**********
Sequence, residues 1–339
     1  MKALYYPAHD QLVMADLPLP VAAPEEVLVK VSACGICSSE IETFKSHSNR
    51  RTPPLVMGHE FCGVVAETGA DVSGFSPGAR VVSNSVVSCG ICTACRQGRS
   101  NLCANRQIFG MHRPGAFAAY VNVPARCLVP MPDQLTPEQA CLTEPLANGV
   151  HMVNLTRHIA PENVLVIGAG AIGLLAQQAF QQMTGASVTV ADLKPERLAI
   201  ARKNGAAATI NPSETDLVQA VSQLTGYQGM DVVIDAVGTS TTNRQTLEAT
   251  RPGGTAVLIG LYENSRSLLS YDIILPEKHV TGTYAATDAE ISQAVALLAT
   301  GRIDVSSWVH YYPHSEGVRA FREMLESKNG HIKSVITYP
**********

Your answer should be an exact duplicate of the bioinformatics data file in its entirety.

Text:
Sequence, residues 1–339
     1  MKALYYPAHD QLVMADLPLP VAAPEEVLVK VSACGICSSE IETFKSHSNR
    51  RTPPLVMGHE FCGVVAETGA DVSGFSPGAR VVSNSVVSCG ICTACRQGRS
   101  NLCANRQIFG MHRPGAFAAY VNVPARCLVP MPDQLTPEQA CLTEPLANGV
   151  HMVNLTRHIA PENVLVIGAG AIGLLAQQAF QQMTGASVTV ADLKPERLAI
   201  ARKNGAAATI NPSETDLVQA VSQLTGYQGM DVVIDAVGTS TTNRQTLEAT
   251  RPGGTAVLIG LYENSRSLLS YDIILPEKHV TGTYAATDAE ISQAVALLAT
   301  GRIDVSSWVH YYPHSEGVRA FREMLESKNG HIKSVITYP